Photo: Taylor Soule
The bandage on President David Maxwell’s hand was not the indicator that something was hurting him on Tuesday night. The tip-off was the somber look on his face as he addressed Drake University’s costs and rising tuition in front of a small crowd at his fireside chat.
A large part of Maxwell’s response to the inquiry was the amount of scholarships that Drake can issue students.
“If your scholarship is named after someone, that’s money someone is paying us for you to go to school,” Maxwell said. “Everything other than that is simply a discount.”
Maxwell went on to explain that the discount rate at Drake is 37 percent, meaning that of every dollar of tuition, the university isn’t actually collecting 37 percent of it.
But even this isn’t enough for many students.
“It’s something that keeps me awake at night, too,” Maxwell said.
He went on to talk about the many letters he receives from parents of students going something along the lines of, “My daughter’s number one choice is Drake by and far, but such-and-such University is offering us ‘x’ dollars.” These sorts of letters concern Maxwell, as he sees them as examples of students being forced to attend schools where they don’t have that “click.”
Maxwell also addressed these costs on a national level.
“Is higher education public or private?” he said. “We’re the country that, during the Civil War, issued federal lands to states to sell and to use that revenue to fund education. We’re the country that issued the G.I. Bill, not because they needed the education, but because the country needed them to have the education. And we’re the country that issued Pell Grants, but now we’re seeing a shift to where it’s your responsibility.”
He drove home the fact that Drake is doing everything it can at an administrative level to keep costs down.
“As administrators, we look around and see some administrative positions that might be duplicative,” he said. “But overall, we’re pretty lean.”
The conversation quickly jumped to a question regarding graduate students who also perform as members of staff. The student inquiring was having issues acquiring a student ticket to Relays since her Drake ID is associated as a staff member as opposed to a student, and it can only be associated to one or the other. Perhaps a small matter in itself, the question was reflective of a larger issue — one that is also a big reason Maxwell holds events like this.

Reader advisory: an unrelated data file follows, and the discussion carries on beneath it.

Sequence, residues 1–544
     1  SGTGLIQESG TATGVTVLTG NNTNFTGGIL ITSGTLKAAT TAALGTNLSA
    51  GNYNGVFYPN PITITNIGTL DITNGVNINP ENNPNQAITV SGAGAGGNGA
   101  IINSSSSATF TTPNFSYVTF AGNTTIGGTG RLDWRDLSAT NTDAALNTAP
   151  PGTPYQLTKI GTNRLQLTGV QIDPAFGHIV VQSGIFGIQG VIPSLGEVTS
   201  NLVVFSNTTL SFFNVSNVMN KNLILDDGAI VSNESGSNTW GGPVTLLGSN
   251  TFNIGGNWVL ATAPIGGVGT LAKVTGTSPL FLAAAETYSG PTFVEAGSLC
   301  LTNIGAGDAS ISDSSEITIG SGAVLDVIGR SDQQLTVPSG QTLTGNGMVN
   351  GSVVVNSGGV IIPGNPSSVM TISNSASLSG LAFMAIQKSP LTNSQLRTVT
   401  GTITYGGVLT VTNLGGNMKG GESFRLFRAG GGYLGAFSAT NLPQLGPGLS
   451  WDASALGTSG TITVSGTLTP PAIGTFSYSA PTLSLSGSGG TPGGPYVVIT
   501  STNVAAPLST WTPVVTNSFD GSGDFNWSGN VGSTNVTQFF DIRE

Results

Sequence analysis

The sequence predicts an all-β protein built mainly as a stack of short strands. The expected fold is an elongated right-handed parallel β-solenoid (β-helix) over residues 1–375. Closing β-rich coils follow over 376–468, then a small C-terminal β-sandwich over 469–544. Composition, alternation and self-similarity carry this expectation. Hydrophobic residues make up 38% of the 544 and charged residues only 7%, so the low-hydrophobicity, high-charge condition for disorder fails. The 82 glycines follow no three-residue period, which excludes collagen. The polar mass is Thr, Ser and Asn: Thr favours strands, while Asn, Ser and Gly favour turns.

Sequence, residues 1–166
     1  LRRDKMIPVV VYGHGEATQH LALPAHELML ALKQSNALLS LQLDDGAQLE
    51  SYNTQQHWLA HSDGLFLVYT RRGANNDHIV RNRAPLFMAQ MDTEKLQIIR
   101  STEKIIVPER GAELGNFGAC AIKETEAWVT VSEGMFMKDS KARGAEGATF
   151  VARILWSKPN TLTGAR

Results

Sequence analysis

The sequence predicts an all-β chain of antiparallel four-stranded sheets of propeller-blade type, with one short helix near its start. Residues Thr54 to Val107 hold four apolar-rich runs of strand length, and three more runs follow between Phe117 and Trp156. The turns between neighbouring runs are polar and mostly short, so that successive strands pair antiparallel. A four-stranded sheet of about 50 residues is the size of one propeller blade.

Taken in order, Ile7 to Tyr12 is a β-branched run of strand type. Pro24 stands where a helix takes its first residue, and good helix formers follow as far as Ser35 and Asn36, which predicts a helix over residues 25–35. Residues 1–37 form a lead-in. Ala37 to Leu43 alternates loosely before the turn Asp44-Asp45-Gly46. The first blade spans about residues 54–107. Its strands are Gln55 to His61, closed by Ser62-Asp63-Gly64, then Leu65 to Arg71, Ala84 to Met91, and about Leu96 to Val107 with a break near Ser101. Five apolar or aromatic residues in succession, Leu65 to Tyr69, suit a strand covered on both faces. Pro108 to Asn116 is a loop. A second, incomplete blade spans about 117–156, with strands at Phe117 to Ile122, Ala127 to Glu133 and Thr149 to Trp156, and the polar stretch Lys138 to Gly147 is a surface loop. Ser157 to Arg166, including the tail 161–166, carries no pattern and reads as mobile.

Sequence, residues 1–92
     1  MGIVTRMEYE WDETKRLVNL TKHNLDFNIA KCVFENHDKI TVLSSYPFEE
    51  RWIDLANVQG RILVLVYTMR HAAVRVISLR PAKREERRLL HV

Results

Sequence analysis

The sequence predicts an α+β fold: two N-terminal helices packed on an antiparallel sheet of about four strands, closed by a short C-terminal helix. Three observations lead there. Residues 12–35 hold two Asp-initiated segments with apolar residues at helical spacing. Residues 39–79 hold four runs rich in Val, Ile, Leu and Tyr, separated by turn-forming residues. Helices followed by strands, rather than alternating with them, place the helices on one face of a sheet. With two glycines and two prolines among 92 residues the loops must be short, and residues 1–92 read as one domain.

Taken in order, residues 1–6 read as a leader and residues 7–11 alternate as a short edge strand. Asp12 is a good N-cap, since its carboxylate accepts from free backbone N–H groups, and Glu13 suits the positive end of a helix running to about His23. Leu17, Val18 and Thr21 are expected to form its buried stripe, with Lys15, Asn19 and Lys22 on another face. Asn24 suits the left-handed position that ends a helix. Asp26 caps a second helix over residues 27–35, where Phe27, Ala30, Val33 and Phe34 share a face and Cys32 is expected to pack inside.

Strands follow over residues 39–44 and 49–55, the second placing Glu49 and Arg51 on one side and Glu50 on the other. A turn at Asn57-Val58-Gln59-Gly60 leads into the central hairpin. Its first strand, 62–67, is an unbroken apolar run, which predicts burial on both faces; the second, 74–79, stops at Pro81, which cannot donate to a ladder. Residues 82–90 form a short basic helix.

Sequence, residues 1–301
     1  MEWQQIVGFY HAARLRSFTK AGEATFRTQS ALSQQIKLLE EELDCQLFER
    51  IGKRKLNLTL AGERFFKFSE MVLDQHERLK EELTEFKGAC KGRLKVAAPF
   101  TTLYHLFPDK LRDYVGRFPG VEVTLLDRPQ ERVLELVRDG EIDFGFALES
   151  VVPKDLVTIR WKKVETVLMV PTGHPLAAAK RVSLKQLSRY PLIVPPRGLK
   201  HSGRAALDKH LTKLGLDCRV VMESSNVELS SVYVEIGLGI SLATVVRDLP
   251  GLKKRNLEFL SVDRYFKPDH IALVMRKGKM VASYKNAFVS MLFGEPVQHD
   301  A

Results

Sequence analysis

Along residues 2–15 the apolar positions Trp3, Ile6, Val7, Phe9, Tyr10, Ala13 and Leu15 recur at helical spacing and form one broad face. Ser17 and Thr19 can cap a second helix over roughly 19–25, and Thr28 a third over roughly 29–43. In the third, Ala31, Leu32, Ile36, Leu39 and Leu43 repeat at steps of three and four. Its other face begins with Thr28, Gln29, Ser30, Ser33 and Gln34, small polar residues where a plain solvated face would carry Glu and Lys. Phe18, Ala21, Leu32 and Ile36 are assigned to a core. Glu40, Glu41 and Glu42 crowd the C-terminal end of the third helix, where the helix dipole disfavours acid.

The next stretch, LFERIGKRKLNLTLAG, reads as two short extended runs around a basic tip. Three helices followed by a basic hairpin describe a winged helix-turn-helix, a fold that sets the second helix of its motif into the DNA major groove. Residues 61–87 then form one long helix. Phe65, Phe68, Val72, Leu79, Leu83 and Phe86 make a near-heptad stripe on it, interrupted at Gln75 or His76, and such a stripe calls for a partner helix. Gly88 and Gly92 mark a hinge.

“Email me about it,” Maxwell responded. “One thing I think Drake can improve upon as an institution is being agile, flexible and responsive. ‘Well you can’t get a ticket to Relays because we can’t make the computer do it’ doesn’t sound very flexible or responsive.”
Maxwell is working every day to improve situations like this.
“Yesterday, I was in the doctor’s office, and a Drake undergraduate law student emailed me. He said the deans were very busy…but that it was really hot in the law building.”
Maxwell said he called Mark Chambers, and facilities quickly repaired the air conditioner.
The final topic addressed was that of diversity and related incidents on campus. The conversation was prefaced with the standing joke that Drake, as a campus, is not diverse.
“This has been a huge challenge for us,” Maxwell said. “My ideal incoming class would be 900 young people who have absolutely nothing in common with one another other than they’re smart and they wanted to be at Drake.”
He went on to explain what he called “Maxwell’s Theory of Evolutionary Biology,” in which he explained that for roughly four-fifths of human existence, we haven’t had the rule of law. Therefore, we responded to one another the way different species of animals react to each other in the wild — we either run the other way or kill and enslave the other race.
“Fear of difference is an evolutionary advantage,” Maxwell said.
He added that it’s something we have to be taught out of, and while he’d prefer that parents or elementary schools do that, if a student has managed to get to Drake and still hasn’t been taught out of that, then Drake is really the last stop before they’re let loose into the world, so it becomes the university’s responsibility.
While many pressing topics were addressed at this fireside chat, only about 15 students were in attendance at any given time, but Maxwell wasn’t deterred. He recalled a lesson he learned while at Whitman College in which a speaker, a U.S. Ambassador to Geneva, showed up to give a lecture and a similar number of students showed up.
“He asked them all to come sit in the front row and then told them ‘My wife has told me not to take it out on the people that actually bothered to show up.’” Everyone laughed, and they went on to have a good discussion.”
A discussion likely similar to the one he had just finished on Pomerantz Stage.